I often hear the claim that "chemtrails" have to exist, because normal contrails don't linger very long. Is there a definitive scientific explanation for why normal contrails sometimes do, in fact stick around and sometimes even seed very large clouds?

An ideal explanation would also clearly state why one wouldn't be able to identify the correct conditions from the ground.

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    @Oddthinking: Why did you delete my answer? Chemtrails do not exist, that is a fact. Your question implies the existence of chemtrails, so the only answer to your question can be: There are no chemtrails. No one is poisoning the people on Earth from airplanes. Contrails will stay contrails for a while and then disappear or turn into clouds. You are already presuming there is such a thing as chemtrails, but there isn't.
    – jjack
    Sep 18, 2015 at 19:10
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    Contrails are "Condensation Trails". They are formed by "billions of liquid droplets or ice crystals", see en.wikipedia.org/wiki/Contrail.
    – jjack
    Sep 18, 2015 at 19:19
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    @jjack: Your answer was deleted because it didn't address the question. It begged the question. Please read the question again: it isn't really about chemtrails. It is about contrails.
    – Oddthinking
    Sep 18, 2015 at 19:32
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    @jjack: Thank you for illustrating my point. Saying 'chemtrails don't exist' is not an answer to the question. Read it all.
    – Oddthinking
    Sep 19, 2015 at 1:01
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    Your question - the headline - presupposes the existence of chemtrails, something which doesn't exist. Therefore the only answer to your question can be, that chemtrails do not exist! This reasoning is called "classical logic" (en.wikipedia.org/wiki/Classical_logic). Your question rests on false assumptions.
    – jjack
    Sep 19, 2015 at 9:01

2 Answers 2


The longevity of a contrail is dependent on the weather conditions which indeed might be difficult to spot from the ground. I don't know about "unable" though. As far as I know the 'controversy' about contrails has never had any substantial evidence.

As for the time a contrail is visible, the most described factor is Humidity1:

When the ambient relative humidity is high, the resulting ice-crystal plume may last for several hours.

Here is an article explaining how the trails have been used by sailors for forecasting, and has a couple of links to other articles explaining the phenomenon.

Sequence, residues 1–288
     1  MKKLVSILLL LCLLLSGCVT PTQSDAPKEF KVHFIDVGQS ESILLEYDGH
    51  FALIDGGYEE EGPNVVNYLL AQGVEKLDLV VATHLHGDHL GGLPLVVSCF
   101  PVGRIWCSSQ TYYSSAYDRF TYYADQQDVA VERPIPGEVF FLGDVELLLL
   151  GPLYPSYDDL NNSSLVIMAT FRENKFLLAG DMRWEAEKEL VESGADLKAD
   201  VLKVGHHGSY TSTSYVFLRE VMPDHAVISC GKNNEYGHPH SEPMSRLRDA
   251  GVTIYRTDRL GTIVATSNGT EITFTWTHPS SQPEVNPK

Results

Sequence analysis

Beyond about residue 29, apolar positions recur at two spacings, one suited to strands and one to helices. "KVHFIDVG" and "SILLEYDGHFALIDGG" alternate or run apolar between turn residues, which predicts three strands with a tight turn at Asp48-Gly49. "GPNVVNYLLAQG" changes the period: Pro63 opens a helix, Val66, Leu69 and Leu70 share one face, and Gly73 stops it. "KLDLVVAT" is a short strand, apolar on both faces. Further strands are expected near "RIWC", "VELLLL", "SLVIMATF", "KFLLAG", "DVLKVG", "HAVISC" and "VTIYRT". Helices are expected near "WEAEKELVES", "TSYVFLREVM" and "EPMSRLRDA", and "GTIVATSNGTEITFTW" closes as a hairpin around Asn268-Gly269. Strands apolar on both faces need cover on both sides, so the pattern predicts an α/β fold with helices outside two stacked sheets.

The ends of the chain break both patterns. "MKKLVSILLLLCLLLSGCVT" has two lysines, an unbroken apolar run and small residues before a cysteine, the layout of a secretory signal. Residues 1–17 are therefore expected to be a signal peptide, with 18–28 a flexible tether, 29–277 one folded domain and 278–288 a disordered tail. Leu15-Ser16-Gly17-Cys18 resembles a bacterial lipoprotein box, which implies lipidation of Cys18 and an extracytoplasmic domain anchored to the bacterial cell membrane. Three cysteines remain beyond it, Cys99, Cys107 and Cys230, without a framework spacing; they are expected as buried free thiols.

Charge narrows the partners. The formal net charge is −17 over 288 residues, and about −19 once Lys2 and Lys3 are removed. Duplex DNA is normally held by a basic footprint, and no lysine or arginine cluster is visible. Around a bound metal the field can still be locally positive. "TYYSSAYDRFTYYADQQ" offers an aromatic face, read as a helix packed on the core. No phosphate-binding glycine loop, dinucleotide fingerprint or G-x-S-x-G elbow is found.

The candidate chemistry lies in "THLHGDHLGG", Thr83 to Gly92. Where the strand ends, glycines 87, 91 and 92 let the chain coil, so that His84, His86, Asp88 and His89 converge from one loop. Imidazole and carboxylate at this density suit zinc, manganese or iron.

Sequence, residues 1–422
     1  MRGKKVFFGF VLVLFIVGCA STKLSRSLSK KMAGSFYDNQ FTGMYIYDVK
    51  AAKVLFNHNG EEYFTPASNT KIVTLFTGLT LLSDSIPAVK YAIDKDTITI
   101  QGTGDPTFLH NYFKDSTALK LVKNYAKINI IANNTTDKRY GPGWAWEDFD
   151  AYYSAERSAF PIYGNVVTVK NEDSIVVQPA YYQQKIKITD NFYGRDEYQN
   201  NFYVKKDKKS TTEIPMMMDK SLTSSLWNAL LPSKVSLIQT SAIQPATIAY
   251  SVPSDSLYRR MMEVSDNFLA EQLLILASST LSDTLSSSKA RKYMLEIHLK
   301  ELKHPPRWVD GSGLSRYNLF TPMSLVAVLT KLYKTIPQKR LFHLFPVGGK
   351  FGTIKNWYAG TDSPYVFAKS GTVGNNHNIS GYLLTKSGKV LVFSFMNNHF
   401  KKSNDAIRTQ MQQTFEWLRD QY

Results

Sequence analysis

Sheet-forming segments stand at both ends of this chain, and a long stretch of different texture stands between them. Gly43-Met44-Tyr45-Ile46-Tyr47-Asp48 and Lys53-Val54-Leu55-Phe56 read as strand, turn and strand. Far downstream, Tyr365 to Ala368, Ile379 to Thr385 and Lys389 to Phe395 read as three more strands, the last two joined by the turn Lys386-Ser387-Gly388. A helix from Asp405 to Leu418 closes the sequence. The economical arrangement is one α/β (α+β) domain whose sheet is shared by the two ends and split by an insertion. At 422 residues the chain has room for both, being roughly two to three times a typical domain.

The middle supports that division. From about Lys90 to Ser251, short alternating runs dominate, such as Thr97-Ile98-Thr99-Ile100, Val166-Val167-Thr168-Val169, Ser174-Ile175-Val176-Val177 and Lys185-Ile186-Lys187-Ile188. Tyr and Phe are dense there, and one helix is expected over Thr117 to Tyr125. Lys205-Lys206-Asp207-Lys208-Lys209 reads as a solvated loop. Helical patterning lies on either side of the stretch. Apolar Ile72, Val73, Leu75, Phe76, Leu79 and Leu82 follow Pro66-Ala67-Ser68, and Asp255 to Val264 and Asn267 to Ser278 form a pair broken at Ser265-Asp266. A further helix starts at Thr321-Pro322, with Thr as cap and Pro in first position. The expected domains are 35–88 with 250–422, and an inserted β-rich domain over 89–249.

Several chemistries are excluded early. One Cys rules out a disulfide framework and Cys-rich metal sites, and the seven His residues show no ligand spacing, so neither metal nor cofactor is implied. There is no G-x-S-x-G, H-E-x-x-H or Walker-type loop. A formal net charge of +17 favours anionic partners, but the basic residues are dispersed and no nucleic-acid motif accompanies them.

(1) Encyclopedia Britannica

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    Links not working anymore. Was it?
    – Kangarooo
    Apr 15, 2015 at 13:41

The conditions required for contrail persistence are ice-supersaturation. This means that the air is cold and humid enough that the water vapor will directly "condense" out of the air in the form of ice (the process is called "deposition"). Ice supersaturation is around 60-70% of the normally reported relative humidity, which applies to water1.

However, and this leads to the reason why you can't tell from the ground, deposition in most conditions only happens on to ice. i.e. it requires some kind of seed, or nuclei, for the ice to form on. And for ice, this requires a specific molecular framework.

Now actual condensation into liquid is less fussy about what types of nuclei are required. So once the relative humidity in the air goes over 100%, the water condenses out as liquid, and you'll get a cloud.

So you can have a cloudless sky that still has regions (usually in layers) that are ice-supersaturated, but not water supersaturated. When a plane flies through those regions, the water in the exhaust bumps up the humidity over 100%, liquid water droplets condense out. If it's below -40°C/-40°F (yes they are the same) then these droplets will freeze and become ice crystal seeds.

So a contrail starts as a bunch of seed crystals. If the air is ice-supersaturated, these crystals will grow (increasing in mass by a factor of 1,000 or more), and hence can persist for hours, and even spread out to cover the sky.

(1) [FAA, Contrail Microphysics, 2010.][1] http://www.faa.gov/about/office_org/headquarters_offices/apl/research/science_integrated_modeling/accri/media/Contrail%20Microphysics.pdf

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